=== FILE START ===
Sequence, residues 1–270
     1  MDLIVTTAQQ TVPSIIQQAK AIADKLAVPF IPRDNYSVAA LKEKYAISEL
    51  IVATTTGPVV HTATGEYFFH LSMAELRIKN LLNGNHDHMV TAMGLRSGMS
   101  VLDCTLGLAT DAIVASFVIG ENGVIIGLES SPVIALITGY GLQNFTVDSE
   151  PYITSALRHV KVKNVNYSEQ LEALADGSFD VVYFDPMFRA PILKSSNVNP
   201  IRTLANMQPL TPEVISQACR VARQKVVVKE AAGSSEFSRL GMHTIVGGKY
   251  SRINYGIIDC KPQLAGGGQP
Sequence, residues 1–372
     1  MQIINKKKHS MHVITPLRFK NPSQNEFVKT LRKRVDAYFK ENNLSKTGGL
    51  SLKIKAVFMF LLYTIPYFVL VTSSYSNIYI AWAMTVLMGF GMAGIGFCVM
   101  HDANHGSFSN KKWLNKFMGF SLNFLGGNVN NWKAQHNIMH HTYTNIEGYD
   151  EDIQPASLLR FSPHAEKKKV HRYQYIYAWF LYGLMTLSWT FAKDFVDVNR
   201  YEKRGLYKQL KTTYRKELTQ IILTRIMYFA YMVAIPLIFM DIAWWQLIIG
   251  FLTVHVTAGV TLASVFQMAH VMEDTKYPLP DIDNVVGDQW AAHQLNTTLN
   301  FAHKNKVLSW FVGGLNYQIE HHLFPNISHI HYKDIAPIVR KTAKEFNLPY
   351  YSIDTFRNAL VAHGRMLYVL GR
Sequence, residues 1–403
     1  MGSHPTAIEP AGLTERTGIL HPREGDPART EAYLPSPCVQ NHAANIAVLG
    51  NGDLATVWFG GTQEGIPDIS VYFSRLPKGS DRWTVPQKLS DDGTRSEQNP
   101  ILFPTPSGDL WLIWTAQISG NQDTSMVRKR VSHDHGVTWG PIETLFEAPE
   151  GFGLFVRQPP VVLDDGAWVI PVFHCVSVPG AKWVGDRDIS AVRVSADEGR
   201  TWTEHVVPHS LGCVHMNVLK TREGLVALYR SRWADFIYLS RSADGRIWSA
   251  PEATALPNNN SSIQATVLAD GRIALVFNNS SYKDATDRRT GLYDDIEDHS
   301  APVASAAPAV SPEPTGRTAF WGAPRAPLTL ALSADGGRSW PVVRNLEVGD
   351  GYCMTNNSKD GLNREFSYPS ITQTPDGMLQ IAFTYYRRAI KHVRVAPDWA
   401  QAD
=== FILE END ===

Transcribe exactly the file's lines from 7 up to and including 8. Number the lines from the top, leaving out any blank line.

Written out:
   251  SRINYGIIDC KPQLAGGGQP
Sequence, residues 1–372